When I was at the University of California at Irvine working on a degree in German, I met my first true love: linguistics. I chose linguistics over literature as an emphasis and my life was changed forever.
I've always loved language and its structure. I was the kid in class who loved diagramming sentences. At Cal State Fullerton, while working on a masters degree in linguistics, I took a class about the deep structure of language. More diagramming of a different type. It's like solving a puzzle and it's fun (to me anyway).
As part of my masters degree, I went to the University of Oklahoma (OU) Summer Institute of Linguistics. 12 credit hours of intense classes on language acquisition, structure and phonology. Our example languages were Chinese dialects that have meaning determined by pitch and Comanche (more Comanche Indians live in Oklahoma than anywhere else in the world and OU has done most of the scholarly work on their language). The teen choir from my California church was on summer tour and I got to hear them sing at the Methodist church near campus, which led to meeting my future husband.
So what does one do with a masters degree in linguistics? I married a lawyer and moved to Oklahoma where I became a school librarian. That's a word story too. Oklahoma passed a law that all schools had to have a library, so Indiahoma School was looking for one. The principal knew I had a degree in something that sounded like library. Well, it starts with the same letter and I wanted to get a degree in library science but the counselor advised against it because there were lots of librarians in California at the time but no jobs. So I got a degree in linguistics instead. Like there are jobs in linguistics? How does that make sense? Oh well, it worked out in the end.
Living in Oklahoma provides me with all kinds of fun colloquial expressions. My absolute favorite is "I ustacould." [derived from English, meaning: I used to be able to] I use it whenever possible. It makes me smile. Another good one is "fixinta." Usage: We're fixinta go. Meaning: We are about ready to leave. One that doesn't make sense, that must be an error in pronunciation, is "What do you like?" The first time my husband asked me that, I answered him, "What? What do I like? I like chocolate and Thursdays and Siamese cats." He explained, "No, how much more do you have to do before you'll be ready to leave?" Oh, he meant, what do I lack. Why didn't he just say so?
I thought my kids would find this interesting (because I did), but no, it just annoyed them. People in Oklahoma pronounce "data" differently than I do. I didn't realize you could pronounce it with an "a" like in dash. I now know that there are people all over the country who pronounce it like that. Have you never seen Star Trek, the Next Generation? The android, Data, is pronounced with an "a" like in date. Star Trek wouldn't get it wrong. I started to notice how people on TV said data. My hypothesis was date data was the California pronunciation and most people in television are Californians. Are you starting to understand why this annoyed my children? To end this conversation, let me just say that Merriam-Webster Online lists the first pronunciation of data my way. It lists "also" the other pronunciation, an alternative to the original one.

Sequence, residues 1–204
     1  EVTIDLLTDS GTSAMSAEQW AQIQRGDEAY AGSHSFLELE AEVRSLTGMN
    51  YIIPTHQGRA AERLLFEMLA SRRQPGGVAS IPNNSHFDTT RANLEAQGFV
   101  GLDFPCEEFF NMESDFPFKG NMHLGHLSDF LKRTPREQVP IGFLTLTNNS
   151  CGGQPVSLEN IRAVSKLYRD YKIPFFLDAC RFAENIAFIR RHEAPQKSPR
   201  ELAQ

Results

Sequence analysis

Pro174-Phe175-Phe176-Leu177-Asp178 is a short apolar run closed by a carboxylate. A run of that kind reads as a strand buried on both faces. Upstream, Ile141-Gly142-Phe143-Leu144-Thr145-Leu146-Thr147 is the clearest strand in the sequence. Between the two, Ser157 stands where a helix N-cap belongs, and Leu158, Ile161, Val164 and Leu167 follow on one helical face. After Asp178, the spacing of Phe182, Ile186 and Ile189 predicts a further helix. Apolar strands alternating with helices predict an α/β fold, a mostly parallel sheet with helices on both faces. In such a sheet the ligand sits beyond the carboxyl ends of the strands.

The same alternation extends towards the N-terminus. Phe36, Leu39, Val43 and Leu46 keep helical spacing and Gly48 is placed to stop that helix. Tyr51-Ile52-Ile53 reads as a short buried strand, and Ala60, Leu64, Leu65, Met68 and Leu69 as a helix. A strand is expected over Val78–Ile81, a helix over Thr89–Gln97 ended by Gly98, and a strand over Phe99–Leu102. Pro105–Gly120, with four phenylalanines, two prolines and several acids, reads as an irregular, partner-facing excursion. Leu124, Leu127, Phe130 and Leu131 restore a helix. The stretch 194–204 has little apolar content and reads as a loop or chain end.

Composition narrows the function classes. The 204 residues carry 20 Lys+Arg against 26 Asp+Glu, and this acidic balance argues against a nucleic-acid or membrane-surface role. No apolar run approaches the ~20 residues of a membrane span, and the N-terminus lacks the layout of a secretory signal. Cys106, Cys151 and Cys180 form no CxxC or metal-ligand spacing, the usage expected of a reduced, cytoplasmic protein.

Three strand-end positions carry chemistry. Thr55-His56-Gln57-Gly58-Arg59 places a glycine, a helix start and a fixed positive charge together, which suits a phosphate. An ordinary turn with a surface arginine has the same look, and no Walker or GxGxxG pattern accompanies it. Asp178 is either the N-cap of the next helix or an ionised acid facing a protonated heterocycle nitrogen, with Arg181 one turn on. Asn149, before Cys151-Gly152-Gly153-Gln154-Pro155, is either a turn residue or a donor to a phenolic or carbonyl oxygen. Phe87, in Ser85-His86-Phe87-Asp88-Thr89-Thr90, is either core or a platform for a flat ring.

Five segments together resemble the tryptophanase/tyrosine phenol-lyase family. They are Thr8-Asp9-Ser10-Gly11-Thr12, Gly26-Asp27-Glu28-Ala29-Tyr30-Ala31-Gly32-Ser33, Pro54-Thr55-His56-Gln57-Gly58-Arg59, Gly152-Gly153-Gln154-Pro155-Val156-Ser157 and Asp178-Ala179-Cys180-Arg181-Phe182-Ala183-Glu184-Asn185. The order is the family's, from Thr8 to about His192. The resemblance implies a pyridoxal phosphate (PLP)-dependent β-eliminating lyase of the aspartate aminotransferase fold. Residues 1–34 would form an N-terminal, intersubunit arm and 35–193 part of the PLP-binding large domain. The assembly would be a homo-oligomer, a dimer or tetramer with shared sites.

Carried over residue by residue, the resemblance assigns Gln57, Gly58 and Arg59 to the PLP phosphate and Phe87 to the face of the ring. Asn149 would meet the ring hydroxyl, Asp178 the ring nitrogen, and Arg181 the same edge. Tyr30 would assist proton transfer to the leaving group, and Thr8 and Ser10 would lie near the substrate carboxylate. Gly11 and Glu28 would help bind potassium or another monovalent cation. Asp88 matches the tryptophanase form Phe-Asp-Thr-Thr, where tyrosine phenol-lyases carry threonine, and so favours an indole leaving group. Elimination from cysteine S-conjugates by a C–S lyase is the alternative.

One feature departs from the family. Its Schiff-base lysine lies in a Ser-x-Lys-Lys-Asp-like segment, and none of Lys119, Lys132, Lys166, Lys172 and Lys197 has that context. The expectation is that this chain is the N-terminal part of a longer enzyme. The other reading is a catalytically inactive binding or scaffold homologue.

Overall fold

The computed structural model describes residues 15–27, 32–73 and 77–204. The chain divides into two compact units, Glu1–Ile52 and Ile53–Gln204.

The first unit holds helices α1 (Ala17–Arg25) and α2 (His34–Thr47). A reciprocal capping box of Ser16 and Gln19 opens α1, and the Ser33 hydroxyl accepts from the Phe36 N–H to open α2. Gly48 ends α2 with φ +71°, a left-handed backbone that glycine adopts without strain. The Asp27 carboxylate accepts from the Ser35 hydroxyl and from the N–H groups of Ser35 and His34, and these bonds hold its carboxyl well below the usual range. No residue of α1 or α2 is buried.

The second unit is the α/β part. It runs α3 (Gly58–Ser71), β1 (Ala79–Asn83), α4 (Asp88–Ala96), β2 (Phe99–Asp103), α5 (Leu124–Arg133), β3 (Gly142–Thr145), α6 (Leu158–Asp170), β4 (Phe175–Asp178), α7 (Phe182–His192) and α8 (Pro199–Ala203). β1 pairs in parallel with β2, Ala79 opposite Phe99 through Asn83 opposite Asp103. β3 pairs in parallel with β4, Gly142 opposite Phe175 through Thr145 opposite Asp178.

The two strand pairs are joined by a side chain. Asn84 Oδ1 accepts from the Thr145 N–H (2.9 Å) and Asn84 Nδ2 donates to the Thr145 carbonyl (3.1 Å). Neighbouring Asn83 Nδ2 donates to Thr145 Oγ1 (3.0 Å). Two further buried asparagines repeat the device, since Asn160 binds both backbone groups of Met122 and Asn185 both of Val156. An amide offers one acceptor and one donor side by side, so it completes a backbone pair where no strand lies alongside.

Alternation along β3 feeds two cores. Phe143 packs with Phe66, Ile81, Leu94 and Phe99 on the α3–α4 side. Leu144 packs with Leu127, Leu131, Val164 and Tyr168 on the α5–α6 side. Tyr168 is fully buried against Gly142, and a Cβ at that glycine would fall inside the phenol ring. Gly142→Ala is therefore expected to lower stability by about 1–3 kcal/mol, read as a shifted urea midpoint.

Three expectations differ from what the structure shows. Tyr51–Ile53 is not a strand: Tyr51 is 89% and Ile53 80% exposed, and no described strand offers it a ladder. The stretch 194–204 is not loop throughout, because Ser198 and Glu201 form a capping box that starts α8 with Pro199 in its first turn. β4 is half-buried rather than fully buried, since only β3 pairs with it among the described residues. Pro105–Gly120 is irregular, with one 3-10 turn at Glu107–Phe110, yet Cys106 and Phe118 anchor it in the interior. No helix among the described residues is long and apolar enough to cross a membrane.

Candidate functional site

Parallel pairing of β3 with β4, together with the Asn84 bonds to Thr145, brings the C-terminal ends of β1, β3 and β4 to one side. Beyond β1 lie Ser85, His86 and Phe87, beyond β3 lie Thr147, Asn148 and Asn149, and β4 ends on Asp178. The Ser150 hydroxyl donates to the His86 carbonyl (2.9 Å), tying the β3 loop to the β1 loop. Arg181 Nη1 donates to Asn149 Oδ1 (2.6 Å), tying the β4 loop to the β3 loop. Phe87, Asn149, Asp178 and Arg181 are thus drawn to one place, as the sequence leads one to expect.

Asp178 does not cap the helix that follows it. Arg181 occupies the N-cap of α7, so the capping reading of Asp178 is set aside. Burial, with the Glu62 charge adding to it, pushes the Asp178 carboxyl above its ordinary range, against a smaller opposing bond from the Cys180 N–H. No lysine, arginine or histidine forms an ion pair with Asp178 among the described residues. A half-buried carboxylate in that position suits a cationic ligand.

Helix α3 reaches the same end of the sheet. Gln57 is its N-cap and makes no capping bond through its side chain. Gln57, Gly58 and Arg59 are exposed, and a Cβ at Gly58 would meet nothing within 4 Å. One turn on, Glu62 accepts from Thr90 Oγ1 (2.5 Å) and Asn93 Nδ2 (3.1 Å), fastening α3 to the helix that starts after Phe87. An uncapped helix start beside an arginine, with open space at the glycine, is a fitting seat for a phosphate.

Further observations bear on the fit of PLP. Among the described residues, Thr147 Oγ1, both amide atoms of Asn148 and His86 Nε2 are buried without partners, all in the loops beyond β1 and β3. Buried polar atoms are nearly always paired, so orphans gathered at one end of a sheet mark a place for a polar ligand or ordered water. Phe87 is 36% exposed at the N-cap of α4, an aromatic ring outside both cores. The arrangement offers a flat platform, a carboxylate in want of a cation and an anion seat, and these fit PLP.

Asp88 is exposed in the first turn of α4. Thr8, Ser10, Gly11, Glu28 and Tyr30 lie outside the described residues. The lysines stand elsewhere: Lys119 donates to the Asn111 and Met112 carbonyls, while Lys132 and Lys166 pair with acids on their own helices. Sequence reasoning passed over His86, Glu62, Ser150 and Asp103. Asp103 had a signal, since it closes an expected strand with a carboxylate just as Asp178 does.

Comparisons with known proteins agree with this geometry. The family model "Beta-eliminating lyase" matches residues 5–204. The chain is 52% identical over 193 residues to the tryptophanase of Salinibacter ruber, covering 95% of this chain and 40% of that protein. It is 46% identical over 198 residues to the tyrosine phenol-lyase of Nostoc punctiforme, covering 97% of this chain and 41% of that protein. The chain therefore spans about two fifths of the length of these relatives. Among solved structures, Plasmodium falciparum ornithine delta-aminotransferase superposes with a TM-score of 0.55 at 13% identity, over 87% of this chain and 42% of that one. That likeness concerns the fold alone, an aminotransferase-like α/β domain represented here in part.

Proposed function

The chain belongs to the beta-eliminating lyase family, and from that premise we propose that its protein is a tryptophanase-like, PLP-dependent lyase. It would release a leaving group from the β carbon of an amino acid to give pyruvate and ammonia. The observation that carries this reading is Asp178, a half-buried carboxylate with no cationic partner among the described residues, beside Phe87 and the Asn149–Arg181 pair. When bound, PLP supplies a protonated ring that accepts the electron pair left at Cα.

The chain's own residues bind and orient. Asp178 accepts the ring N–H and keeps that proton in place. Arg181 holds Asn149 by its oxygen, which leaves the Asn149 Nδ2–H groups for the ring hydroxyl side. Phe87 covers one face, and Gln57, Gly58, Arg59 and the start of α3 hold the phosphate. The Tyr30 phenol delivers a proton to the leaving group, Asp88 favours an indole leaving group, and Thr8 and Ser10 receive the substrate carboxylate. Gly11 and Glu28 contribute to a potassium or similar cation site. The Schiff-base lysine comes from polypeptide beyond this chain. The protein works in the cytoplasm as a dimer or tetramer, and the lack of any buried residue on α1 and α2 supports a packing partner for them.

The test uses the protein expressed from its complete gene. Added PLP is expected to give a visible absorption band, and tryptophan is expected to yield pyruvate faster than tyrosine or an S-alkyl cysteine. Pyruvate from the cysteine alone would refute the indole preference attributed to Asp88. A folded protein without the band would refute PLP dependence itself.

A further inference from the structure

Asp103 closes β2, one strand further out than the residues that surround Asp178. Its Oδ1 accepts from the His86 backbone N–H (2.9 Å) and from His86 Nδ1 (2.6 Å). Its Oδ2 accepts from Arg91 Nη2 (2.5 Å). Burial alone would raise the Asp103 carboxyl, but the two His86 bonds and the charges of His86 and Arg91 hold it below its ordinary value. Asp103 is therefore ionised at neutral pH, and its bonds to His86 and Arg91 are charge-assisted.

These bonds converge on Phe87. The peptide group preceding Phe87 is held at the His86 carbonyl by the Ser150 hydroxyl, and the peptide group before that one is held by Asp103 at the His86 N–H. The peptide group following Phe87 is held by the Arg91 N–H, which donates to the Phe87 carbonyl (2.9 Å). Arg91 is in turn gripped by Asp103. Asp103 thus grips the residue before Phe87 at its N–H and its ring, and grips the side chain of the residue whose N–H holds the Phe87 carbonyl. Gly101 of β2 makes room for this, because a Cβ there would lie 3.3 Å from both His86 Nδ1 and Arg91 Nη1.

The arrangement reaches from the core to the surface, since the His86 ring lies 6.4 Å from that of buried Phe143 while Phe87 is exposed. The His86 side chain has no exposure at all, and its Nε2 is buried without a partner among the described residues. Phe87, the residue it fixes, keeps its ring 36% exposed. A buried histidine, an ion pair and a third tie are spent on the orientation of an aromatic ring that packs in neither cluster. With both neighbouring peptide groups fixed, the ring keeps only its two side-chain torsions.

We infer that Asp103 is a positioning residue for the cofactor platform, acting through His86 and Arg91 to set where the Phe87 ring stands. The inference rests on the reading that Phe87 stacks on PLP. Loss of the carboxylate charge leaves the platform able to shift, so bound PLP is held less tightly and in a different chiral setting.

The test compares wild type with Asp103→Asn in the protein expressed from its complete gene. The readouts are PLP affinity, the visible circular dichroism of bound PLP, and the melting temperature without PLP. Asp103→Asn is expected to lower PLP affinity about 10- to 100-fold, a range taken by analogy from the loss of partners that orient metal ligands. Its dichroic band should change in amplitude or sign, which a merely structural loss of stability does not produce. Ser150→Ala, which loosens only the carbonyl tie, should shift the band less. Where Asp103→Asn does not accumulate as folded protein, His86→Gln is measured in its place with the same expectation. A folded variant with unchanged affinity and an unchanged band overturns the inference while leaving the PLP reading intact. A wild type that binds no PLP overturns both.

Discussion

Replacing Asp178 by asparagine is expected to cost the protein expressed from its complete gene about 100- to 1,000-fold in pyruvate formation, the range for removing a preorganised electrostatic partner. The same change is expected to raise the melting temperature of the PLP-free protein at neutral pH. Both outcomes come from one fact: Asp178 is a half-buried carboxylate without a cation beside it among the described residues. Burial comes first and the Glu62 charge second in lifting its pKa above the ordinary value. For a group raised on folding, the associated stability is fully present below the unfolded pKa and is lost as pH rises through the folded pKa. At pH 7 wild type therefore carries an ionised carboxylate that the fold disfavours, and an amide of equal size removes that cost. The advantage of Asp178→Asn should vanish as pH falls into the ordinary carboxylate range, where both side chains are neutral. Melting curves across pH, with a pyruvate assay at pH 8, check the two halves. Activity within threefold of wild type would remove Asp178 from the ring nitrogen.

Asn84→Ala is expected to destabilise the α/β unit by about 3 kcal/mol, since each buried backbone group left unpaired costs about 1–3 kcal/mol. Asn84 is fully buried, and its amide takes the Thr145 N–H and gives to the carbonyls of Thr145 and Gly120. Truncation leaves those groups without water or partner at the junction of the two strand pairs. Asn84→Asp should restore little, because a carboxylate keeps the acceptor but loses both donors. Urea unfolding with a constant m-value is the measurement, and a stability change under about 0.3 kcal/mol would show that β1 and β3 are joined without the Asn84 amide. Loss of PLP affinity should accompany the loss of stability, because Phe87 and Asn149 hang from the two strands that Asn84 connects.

As a librarian, I promote lifelong learning. I listen to Great Courses on CD (The Teaching Company) as one way to do this. My public library has these courses for check out, maybe yours does too. One of the courses is called "Building Great Sentences: Exploring the Writer's Craft." Twelve hours of lectures (24 lectures at 30 minutes each) devoted exclusively to the sentence. The professor is fond of long sentences using punctuation other than periods to keep multiple parts of an idea united in a single sentence. It's a fun exercise trying to write really long sentences. But short sentences and short paragraphs keep readers attention, so use the long sentence sparingly.
Are you aware of National Punctuation Day? This American holiday will be celebrated this year on September 24. You can google it and find some interesting and funny stuff about punctuation and its holiday.
I got the idea for this post from A.Word.A.Day with Anu Garg. As the name implies, I get a new word in email Monday-Friday. They are usually related with a theme. This week's theme is words that look like one part of speech but are really another. Like "invite." It looks like a verb, doesn't it? Until someone uses it to ask, "Did you receive my invite?" There's a controversy over "invite" as a noun that you can check out at IsInviteaNoun.com. I wonder if these same people object to the use of google and facebook as verbs.
One of the wonderful things about language is how it grows and changes. We try to keep it static but it has a life of its own and will not be contained. Have you got any stories about language to share?